Congressman John Lewis, Andrew Aydin and Nate Powell’s March

“They were like, ‘…oh.” afterwards, Wright said. These kinds of bona fides made a case that was difficult to ignore.

The rise in this perceived legitimacy has been aided significantly by efforts from the American Library Association (ALA), a nonprofit that advocates for libraries and what they bring to the table. This organization is an extension of the broader world of librarians, who are a group of people Gagliano described as “some of the most active, passionate champions of comics and graphic novels,” and one that’s been working to move the needle for years.

ALA has aided that work by developing more avenues to support comics in specific, as the organization has provided professional development sessions at comic conventions around North America, 7 hosted webinars about different aspects of the medium, expanded its comics and graphic novels section at its annual conference, 8 and more. But there’s one recent change at ALA that arguably stands above the rest.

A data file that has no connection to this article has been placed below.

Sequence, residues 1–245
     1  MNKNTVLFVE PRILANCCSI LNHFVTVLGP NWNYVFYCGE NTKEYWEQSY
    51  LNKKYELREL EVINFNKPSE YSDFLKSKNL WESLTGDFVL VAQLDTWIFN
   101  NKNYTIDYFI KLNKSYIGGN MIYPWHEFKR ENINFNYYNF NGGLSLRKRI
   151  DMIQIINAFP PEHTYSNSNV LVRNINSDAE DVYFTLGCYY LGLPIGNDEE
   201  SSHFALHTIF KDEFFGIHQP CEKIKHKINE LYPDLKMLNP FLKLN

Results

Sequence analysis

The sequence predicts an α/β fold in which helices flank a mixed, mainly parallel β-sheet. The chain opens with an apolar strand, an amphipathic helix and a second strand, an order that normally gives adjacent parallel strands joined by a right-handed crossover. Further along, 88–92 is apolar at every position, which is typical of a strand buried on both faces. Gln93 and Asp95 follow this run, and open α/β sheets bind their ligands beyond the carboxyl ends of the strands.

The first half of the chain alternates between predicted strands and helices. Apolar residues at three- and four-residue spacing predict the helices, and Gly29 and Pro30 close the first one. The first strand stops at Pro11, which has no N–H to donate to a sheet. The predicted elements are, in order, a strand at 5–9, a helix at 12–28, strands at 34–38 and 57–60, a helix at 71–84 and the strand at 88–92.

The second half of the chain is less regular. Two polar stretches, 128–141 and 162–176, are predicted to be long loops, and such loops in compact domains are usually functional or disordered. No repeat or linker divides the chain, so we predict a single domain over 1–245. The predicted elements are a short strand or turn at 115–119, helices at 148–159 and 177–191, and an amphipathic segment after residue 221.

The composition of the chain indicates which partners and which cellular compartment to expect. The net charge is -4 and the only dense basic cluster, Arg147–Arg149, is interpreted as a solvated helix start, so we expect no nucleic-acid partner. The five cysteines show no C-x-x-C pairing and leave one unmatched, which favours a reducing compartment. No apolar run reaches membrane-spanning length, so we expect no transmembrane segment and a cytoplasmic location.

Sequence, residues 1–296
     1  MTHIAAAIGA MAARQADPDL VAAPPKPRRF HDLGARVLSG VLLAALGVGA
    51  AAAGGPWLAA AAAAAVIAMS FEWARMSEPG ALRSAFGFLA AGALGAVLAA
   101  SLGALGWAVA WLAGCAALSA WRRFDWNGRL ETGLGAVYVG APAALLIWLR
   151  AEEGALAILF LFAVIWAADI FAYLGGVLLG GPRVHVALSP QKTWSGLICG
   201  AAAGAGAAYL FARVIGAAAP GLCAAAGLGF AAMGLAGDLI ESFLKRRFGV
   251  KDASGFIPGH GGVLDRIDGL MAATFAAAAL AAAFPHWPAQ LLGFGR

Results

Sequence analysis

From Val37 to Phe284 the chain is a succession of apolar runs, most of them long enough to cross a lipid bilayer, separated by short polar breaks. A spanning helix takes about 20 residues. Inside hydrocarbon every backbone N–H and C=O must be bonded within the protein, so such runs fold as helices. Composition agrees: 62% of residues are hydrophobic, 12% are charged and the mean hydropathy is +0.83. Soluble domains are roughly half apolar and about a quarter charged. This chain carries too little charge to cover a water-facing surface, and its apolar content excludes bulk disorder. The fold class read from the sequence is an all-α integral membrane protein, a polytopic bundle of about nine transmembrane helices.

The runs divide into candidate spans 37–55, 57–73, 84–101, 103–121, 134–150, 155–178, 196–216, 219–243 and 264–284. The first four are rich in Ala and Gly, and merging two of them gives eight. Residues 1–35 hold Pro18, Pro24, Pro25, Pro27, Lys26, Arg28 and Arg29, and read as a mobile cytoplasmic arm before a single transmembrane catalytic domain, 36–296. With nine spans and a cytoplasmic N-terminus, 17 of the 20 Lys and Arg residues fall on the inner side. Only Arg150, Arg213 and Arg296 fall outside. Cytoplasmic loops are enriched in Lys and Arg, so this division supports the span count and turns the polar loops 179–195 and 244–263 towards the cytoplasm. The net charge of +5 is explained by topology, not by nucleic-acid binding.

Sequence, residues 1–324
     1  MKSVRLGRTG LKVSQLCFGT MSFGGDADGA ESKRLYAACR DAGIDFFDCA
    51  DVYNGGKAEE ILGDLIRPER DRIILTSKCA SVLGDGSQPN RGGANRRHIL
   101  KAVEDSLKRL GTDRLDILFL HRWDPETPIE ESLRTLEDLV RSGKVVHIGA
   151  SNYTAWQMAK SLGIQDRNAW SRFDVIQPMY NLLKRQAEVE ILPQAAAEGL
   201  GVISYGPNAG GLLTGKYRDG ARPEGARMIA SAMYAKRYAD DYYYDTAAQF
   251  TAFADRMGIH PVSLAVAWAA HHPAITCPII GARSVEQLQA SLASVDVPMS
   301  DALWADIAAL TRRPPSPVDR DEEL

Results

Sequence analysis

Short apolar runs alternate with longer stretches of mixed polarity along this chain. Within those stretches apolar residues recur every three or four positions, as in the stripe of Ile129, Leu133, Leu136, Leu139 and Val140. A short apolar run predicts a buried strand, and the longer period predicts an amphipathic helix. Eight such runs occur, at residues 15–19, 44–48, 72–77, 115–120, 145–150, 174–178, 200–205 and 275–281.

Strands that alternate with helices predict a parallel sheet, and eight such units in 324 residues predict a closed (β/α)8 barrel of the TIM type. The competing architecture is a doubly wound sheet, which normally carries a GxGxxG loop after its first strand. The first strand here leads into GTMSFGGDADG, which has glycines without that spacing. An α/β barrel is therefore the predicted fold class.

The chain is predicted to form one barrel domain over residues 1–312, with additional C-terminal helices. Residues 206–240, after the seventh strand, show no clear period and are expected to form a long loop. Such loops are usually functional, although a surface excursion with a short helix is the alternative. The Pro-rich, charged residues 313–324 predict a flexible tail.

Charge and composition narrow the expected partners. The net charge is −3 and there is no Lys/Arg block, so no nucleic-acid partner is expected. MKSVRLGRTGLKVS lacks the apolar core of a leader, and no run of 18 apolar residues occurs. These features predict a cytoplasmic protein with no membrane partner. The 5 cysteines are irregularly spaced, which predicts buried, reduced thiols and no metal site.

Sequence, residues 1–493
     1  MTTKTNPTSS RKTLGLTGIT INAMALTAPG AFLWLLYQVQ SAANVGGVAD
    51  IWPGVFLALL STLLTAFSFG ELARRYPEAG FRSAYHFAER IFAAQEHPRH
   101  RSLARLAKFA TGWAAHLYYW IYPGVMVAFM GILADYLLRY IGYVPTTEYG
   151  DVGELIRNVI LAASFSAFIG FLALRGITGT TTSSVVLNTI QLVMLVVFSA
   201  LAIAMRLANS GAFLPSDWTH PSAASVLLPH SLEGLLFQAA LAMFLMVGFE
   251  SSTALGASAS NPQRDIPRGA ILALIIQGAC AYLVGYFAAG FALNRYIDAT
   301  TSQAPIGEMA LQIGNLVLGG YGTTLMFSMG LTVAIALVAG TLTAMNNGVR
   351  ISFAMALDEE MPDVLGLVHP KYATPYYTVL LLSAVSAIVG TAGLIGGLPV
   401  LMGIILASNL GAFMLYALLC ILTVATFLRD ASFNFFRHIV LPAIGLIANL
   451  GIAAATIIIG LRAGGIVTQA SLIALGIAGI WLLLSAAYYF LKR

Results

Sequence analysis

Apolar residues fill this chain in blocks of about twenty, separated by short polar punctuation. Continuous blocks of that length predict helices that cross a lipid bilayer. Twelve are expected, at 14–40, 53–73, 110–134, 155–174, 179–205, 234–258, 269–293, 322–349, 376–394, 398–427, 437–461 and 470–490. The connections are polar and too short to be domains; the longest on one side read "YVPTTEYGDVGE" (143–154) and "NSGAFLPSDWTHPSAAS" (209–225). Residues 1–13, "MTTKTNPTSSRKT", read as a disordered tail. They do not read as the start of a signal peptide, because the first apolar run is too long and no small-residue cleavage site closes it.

“I think the most significant thing that has resulted from the past decade of efforts from librarians is that we now have a comics-focused professional group, the Graphic Novels and Comics Round Table that is part of the American Librarian Association,” Vitella said. “Everybody there is doing an amazing job promoting how libraries can embrace comics.

“Having this group really solidifies the position that having comics in libraries is important and that they’re here to stay.”

That organization 9 is something Wright – its President – views as “an umbrella group to bring together a lot of the work that has already been happening and to bring a lot of professional legitimacy.”